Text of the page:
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Archive for July, 2014

Specialists explain initiatives to improve water quality at Rio 2016 sailing venue

July 31st, 2014

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Rio 2016

Youth training camp primes judokas for Nanjing 2014

July 31st, 2014

The annual camp focused on the upcoming Nanjing 2014 YOG, helping many athletes to hone their skills and meet the upcoming competition and to give them more info on the fun workshops that will take place off the field of play. The camp was led by Beijing 2008 bronze medallist Sergei Aschwanden (SUI), who shared his vast knowledge and experience with the young athletes.

Accompanying the athletes were 70 coaches, also benefiting from the camp. 

“This is a fantastic place to be. Seeing them in the evenings having a good time, laughing and sharing their experiences is incredible. They are already friends now and it will help the development of judo,” Sergei pointed out. 

There were smiles all round as Olympic champions were also present to pass on advice ahead of Nanjing 2014. What better way to prepare for the Youth Olympic Games than to learn from the best!

Amongst the participants was Olympic Solidarity-backed athlete Francesco Aufieri (MLT), who will be competing in Nanjing.

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Singapore 2010 YOG, Youth Games

Chad Le Clos: An ambassador for youth sport

July 31st, 2014

“The Youth Olympic Games have been a huge springboard for me,” said Nanjing 2014 YOG ambassador Chad Le Clos. “They were a huge help for me when it came to preparing for my first Olympic Games in London. Quite apart from the sport, though, the memories and the friends that I made there will stay will me forever and I am very excited to taking part in the YOG experience once more.”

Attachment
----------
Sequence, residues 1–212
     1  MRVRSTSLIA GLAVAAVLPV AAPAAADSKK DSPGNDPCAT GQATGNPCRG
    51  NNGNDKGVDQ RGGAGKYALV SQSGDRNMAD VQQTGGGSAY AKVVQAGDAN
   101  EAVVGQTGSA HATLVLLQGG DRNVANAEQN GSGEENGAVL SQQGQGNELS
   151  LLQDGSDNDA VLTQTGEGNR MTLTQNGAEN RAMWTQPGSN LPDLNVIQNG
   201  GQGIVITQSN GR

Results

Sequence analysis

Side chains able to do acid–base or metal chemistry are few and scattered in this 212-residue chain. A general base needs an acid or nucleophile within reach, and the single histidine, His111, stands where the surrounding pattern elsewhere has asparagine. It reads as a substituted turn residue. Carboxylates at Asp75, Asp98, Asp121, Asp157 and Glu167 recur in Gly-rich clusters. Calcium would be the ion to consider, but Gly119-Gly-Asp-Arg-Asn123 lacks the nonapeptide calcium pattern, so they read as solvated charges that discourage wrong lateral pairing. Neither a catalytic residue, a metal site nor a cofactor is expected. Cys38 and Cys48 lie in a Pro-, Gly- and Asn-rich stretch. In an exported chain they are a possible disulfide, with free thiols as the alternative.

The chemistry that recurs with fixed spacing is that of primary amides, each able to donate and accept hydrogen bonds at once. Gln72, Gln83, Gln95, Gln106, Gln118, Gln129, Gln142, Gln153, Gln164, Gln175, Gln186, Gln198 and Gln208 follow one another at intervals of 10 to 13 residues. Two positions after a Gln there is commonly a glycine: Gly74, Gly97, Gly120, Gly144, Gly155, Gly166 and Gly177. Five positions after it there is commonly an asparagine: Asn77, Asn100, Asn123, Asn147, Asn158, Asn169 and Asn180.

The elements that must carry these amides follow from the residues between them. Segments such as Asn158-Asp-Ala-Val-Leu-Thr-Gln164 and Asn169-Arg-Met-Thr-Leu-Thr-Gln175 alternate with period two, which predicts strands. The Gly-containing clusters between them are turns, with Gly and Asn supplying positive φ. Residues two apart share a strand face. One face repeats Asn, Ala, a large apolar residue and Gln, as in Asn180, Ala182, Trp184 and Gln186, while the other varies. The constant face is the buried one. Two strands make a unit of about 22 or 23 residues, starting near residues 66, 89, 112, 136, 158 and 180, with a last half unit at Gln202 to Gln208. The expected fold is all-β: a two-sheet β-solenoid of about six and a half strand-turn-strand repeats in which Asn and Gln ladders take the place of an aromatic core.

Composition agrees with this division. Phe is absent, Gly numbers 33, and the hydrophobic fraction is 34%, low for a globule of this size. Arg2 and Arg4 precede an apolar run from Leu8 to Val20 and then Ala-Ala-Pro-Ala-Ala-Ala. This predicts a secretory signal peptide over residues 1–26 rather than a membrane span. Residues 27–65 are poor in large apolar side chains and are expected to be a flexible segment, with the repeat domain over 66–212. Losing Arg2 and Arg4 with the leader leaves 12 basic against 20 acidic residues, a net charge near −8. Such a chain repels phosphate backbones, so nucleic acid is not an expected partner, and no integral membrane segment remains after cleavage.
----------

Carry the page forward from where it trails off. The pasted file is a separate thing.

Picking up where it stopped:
The South African swimmer was 18 when he announced himself on the international scene in stunning fashion at the first Youth Olympic Games in Singapore in 2010, winning a medal in each of the five events he entered, including a gold in the 200m medley. That inaugural YOG boasted Le Clos’ idol Michael Phelps as an ambassador, prompting the then teenager to comment: “I’ve been a fan of his since I was a little boy. He really inspired me when it came to competing in the 2010 YOG.”
 
Two years later Le Clos beat his all-time hero as he sprung one of the sensations of the swimming events at London 2012, timing his finish just right in the 200m butterfly to touch home 0.05 seconds of the American and win gold. Three days later he took silver in the 100m butterfly, this time finishing behind Phelps, who remains the most successful Olympian in history. When the American retired, Le Clos took up his mantle by winning the 100m and 200m butterfly titles at the 2013 World Championships in Barcelona.

Setting out his objectives for the future, Le Clos said: “I want to get faster every year, keep my confidence high so I can continue dominating my main events, and extend my range to other freestyle and medley races.” Also in his sights is the world 200m butterfly record of 1:51.51, set by Phelps in 2009.

The South African will again be following in Phelps’ footsteps in Nanjing, where he will take his turn to inspire young swimmers. “To be performing that role for a whole generation is a real honour for me,” he said.

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Singapore 2010 YOG, Youth Games

Fan Zhendong – table tennis’ rising star

July 30th, 2014

Currently ranked number three in the world, Fan already made the history books when, at just 16 years old, he became the youngest ever ITTF World Tour winner. This record has since been broken but Fan still remains “very proud to have had held it”.

After becoming the 2014 World Team Championships champion already this year and having won the Asian Youth Games in Nanjing, Fan had this to add: “After I got the gold at the Asian Youth Games last year in Nanjing, Nanjing has become my lucky land. I hope I can still keep the good luck going and claim the gold at this year’s biggest event, the Youth Olympic Games!”

Will he add Youth Olympic Games gold medallist to this impressive list? Follow the YOG to find out!